Left with only an old guestbook as her guide–a curious book full of letters, recipes, and glimpses into her family history–Lily is determined to embrace her newfound independence and recreate herself, one page at a time. With the help of the quirky island residents she has befriended, she slowly finds the strength to seek out happiness on her own terms. But as soon as she has sworn off men and is standing on her own two feet, Lily meets Ian, the alluring artist who lives next door, and her new life is suddenly thrown off course. The last thing she wants to do right now is to open her heart to another man.
Ultimately, Lily must decide if it’s worth giving up her soul for security or risking everything to follow her heart in this romantic love story.
The Guestbook is the first book in the Madrona Island Trilogy.
You can read my thoughts on the first chapter of this book here.
The American way of life pushes people to constantly strive for more--more money, more stuff, more clout. But how much is enough? And how do we know when we have too much of a good thing? In this provocative, paradigm-shifting book, Will Davis Jr. challenges readers to discover the peace that comes through contentment with what we have and compassion for those in need. Through surprising statistics, scriptural insight, and real-life stories, Davis gently leads readers to consider living with less in order to do more for the kingdom. Thought-provoking discussion questions and short chapters make this a perfect study for small groups.
No one will come away from this powerful book unchanged.
These are two books I borrowed from the library last week:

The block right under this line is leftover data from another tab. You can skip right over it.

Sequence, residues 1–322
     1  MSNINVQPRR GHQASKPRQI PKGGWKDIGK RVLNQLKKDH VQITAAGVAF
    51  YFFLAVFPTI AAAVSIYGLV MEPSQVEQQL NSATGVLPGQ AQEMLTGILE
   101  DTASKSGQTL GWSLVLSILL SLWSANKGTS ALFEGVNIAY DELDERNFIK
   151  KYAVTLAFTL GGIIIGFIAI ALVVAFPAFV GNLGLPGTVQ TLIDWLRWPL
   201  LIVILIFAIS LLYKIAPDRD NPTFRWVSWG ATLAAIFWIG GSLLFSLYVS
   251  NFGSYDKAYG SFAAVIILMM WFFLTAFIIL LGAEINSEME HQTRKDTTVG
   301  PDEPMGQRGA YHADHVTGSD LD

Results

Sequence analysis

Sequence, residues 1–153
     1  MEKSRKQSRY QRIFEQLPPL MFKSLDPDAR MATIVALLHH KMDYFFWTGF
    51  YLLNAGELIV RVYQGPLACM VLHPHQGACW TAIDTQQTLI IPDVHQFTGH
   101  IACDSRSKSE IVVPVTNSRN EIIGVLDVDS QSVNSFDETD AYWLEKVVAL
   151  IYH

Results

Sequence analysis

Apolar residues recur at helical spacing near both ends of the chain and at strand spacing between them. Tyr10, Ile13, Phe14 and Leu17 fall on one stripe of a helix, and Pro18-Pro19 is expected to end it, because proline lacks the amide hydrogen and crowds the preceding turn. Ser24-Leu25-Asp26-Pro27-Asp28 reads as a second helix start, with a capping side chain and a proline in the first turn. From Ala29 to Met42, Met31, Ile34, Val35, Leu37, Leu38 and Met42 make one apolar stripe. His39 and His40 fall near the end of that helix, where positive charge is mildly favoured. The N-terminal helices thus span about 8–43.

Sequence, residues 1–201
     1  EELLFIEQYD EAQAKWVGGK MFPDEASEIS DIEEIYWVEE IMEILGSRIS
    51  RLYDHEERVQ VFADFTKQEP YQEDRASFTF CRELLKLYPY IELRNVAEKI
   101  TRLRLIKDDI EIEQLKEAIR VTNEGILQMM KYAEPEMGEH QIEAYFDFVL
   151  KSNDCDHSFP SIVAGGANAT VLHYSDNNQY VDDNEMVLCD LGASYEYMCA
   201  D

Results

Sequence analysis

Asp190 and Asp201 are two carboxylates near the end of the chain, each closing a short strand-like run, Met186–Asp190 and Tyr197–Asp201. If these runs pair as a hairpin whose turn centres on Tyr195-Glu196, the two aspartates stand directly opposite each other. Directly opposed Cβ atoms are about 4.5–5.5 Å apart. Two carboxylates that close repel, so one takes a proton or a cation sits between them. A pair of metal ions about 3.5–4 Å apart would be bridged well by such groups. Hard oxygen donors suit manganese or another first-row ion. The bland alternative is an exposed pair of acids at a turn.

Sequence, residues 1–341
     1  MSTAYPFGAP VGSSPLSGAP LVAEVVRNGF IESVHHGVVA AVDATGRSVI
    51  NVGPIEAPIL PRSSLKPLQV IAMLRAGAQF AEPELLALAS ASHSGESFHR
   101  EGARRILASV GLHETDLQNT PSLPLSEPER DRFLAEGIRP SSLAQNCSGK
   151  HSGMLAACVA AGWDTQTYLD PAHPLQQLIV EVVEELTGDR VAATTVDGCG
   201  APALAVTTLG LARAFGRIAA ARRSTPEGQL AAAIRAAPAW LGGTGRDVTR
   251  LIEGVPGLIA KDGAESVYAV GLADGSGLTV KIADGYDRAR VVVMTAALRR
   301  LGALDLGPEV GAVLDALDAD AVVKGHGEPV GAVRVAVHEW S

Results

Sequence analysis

Calpurnia Virginia Tate is eleven years old in 1899 when she wonders why the yellow grasshoppers in her Texas backyard are so much bigger than the green ones.With a little help from her notoriously cantankerous grandfather, an avid naturalist, she figures out that the green grasshoppers are easier to see against the yellow grass, so they are eaten before they can get any larger.
As Callie explores the natural world around her, she develops a close relationship with her grandfather, navigates the dangers of living with six brothers, and comes up against just what it means to be a girl at the turn of the century.
Debut author Jacqueline Kelly deftly brings Callie and her family to life, capturing a year of growing up with unique sensitivity and a wry wit.
At the end of World War II, Jack Baker, a landlocked Kansas boy, is suddenly uprooted after his mother's death and placed in a boy's boarding school in Maine. There, Jack encounters Early Auden, the strangest of boys, who reads the number pi as a story and collects clippings about the sightings of a great black bear in the nearby mountains. Newcomer Jack feels lost yet can't help being drawn to Early, who won't believe what everyone accepts to be the truth about the Great Appalachian Bear, Timber Rattlesnakes, and the legendary school hero known as The Fish, who never returned from the war. When the boys find themselves unexpectedly alone at school, they embark on a quest on the Appalachian Trail in search of the great black bear. But what they are searching for is sometimes different from what they find. They will meet truly strange characters, each of whom figures into the pi story Early weaves as they travel, while discovering things they never realized about themselves and others in their lives.
This last one ended up being an audio book, so I'm getting a chance to listen to it while I'm in my car. It's an excellent book.
My blogging might be a bit sporadic this week. I'm studying for my real estate exam on Wednesday. Hope you'll share your books today too.